From information to knowledge

Protoplasma, Jan 2016

Peter Nick

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From information to knowledge

Protoplasma From information to knowledge Peter Nick 0 0 Molecular Cell Biology, Botanical Institute, Karlsruhe Institute of Technology , Karlsruhe , Germany - We live in the era of information technology, and science has been moulded by technological progress that allows to process gigantic quantities of data. Whereas just two decades ago, the results from a typical experiment were stored and analysed on floppy discs (with one disc holding maximally 1 Mb), these days especially the data from a cell biological experiment easily range with many gigabytes. Generating information is fairly easy. But are we using this information really efficiently? It seems, rather not, we are actually overwhelmed by the sheer quantity of apparently irrelevant data. To transform information into knowledge, we need something very old-fashioned: questions and concepts. Even the most sophisticated omics approach will not lead us anywhere, if we do not invest considerable effort to ask questions before we start the experiment, and, a second time, when we are structuring the data by linking them to our initial question and the concepts developed in the respective field. Thus, information per se does not lead to knowledge, we need to do something with this information to render it fruitful. It is a question of structuring, questioning, comparing, and, more important than anything else, filtering, filtering, filtering. Fortunately, there are fellow scientists that are helping us in this digestion process, by critical reviews. A critical review is quite different from a mere compilation of the literature published on a given topic. A critical review can be seen as a kind of distillation process, where the central concepts and their alternatives are presented in a manner that is clear and crisp enough to be used as a criterion to subsequently judge and sort the often ambiguous or even seemingly contradictive original reports. To write a critical review, it therefore requires clarity of thought, experience, and, more than anything else, courage. Having recognised the importance of critical reviews, Protoplasma could convince David Robinson, Heidelberg, to join the editorial board as review editor. He has shaped plant cell biology for many years by important contributions to intracellular trafficking in plants. Brought up in the Anglosaxon tradition of critical scientific debate with academic stations in Leeds and Stanford, his major scientific life took place in Germany, where he first worked for quite some time in Göttingen and moved on 2000 to Heidelberg. During this time, he contributed not only stimulating, sometimes controversial viewpoints on the numerous open issues of vesicle flow in plants, but also was always active in connecting plant and animal communities. As a review editor, he had been extremely prolific, soliciting reviews from numerous fields of cell biology and always pursuing the tradition of critical reviews, which significantly contributed to the rise in impact factor seen over the past years. After a long and fruitful academic activity, he now decided to hand over this mission to the next generation. Returning to the interdisciplinary roots of cell biology, which was initiated as a discipline through the cell theory developed in discussions between the animal physiologist Theodor Schwann and the botanist Matthias Jakob Schleiden (Nick and Stick 2014) , the journal not only reactivated the original tradition of two editors (plant and fungal versus animal and medical cell biology) but also decided to duplicate the line of critical reviews by nominating two review editors that will continue David Robinson’s mission: Jaideep Mathur has been a scientific voyager, with respect to both research and geography. Starting his academic life in India, he used the prospects of the just reunited Europe and moved to Szeged, Hungary, and soon after to the Max-Planck However, as shown exemplarily for cathepsins and legumain (Brix et al. 2015) , a deeper mechanistic understanding of the cellular aspects can contribute to design applications more efficiently. To bridge the gap between animal cell biology and medical application, clear concepts are highly relevant, which was one of the motivations to nominate a review editor for the field of animal and medical cell biology. Compliance with ethical standards Conflict of interest The author declares that he has no competing interests. Brix K , McInnes J , Al-Hashimi A , Rehders M , Tamhane T , Haugen MH ( 2015 ) Proteolysis mediated by cysteine cathepsins and legumainrecent advances and cell biological challenges . Protoplasma 252 : 755 - 774 Nick P , Stick R ( 2014 ) Transcending borders-integrating cell biology in the new Protoplasma . Protoplasma 251 : 989 - 990 Schattat M , Barton K , Mathur J ( 2015 ) The myth of interconnected plastids and related phenomena . Protoplasma 252 : 359 - 371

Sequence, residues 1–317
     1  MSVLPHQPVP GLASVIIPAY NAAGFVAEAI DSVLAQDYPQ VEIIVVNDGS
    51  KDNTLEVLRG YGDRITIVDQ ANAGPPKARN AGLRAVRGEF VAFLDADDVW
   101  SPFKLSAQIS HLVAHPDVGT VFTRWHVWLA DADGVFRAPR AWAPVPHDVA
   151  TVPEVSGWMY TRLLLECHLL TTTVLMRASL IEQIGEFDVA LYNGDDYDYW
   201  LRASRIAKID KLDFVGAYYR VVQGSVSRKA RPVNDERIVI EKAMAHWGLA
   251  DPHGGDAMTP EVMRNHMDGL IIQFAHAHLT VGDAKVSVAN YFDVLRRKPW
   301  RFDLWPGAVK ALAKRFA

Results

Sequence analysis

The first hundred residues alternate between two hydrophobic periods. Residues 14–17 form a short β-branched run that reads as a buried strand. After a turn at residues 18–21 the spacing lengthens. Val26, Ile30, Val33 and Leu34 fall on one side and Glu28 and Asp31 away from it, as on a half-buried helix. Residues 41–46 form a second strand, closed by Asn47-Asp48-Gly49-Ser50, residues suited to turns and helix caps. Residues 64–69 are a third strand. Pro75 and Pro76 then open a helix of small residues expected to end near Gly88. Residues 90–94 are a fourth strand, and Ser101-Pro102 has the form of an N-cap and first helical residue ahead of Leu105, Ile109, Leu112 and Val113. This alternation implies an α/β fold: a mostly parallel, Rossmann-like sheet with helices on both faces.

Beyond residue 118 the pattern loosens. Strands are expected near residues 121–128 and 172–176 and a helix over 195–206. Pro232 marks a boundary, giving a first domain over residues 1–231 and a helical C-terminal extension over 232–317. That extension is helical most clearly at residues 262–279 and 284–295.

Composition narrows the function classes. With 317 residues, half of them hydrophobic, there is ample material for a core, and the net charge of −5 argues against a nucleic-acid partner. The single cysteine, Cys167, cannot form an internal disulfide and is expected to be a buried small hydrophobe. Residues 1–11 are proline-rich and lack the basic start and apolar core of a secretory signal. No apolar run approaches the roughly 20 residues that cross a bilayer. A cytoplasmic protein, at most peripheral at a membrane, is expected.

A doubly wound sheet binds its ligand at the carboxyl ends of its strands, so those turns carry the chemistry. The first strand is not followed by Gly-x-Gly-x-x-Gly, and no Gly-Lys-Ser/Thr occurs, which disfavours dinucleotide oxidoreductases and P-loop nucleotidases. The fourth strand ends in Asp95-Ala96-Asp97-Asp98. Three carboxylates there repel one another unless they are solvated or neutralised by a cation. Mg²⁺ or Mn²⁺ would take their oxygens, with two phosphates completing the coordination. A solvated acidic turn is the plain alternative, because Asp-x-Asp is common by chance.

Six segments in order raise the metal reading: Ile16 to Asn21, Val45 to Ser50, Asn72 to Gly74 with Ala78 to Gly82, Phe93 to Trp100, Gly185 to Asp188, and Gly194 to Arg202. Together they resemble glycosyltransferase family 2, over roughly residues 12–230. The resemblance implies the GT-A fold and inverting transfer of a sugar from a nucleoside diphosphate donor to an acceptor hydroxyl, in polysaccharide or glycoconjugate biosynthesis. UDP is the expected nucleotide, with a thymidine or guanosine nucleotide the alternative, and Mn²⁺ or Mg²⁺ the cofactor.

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Peter Nick. From information to knowledge, Protoplasma, 2016, 1-2, DOI: 10.1007/s00709-015-0924-0